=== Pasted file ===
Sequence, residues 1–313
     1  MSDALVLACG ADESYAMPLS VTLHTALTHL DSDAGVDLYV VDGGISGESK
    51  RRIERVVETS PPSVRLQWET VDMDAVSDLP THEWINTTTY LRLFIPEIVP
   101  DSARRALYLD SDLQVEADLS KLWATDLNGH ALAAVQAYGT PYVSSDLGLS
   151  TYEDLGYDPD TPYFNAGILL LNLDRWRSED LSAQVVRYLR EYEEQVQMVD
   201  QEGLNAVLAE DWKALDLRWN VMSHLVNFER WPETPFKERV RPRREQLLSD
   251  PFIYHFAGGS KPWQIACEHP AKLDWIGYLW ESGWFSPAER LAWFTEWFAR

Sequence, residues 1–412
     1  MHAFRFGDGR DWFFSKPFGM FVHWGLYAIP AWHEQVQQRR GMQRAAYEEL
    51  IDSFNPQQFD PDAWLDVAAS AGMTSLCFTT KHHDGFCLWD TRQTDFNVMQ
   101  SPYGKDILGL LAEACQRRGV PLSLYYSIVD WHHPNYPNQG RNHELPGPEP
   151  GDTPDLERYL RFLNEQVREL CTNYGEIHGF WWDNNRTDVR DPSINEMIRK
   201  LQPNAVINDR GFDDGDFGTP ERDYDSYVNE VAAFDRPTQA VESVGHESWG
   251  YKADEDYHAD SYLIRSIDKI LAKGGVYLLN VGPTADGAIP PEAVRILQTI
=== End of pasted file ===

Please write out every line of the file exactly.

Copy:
Sequence, residues 1–313
     1  MSDALVLACG ADESYAMPLS VTLHTALTHL DSDAGVDLYV VDGGISGESK
    51  RRIERVVETS PPSVRLQWET VDMDAVSDLP THEWINTTTY LRLFIPEIVP
   101  DSARRALYLD SDLQVEADLS KLWATDLNGH ALAAVQAYGT PYVSSDLGLS
   151  TYEDLGYDPD TPYFNAGILL LNLDRWRSED LSAQVVRYLR EYEEQVQMVD
   201  QEGLNAVLAE DWKALDLRWN VMSHLVNFER WPETPFKERV RPRREQLLSD
   251  PFIYHFAGGS KPWQIACEHP AKLDWIGYLW ESGWFSPAER LAWFTEWFAR

Sequence, residues 1–412
     1  MHAFRFGDGR DWFFSKPFGM FVHWGLYAIP AWHEQVQQRR GMQRAAYEEL
    51  IDSFNPQQFD PDAWLDVAAS AGMTSLCFTT KHHDGFCLWD TRQTDFNVMQ
   101  SPYGKDILGL LAEACQRRGV PLSLYYSIVD WHHPNYPNQG RNHELPGPEP
   151  GDTPDLERYL RFLNEQVREL CTNYGEIHGF WWDNNRTDVR DPSINEMIRK
   201  LQPNAVINDR GFDDGDFGTP ERDYDSYVNE VAAFDRPTQA VESVGHESWG
   251  YKADEDYHAD SYLIRSIDKI LAKGGVYLLN VGPTADGAIP PEAVRILQTI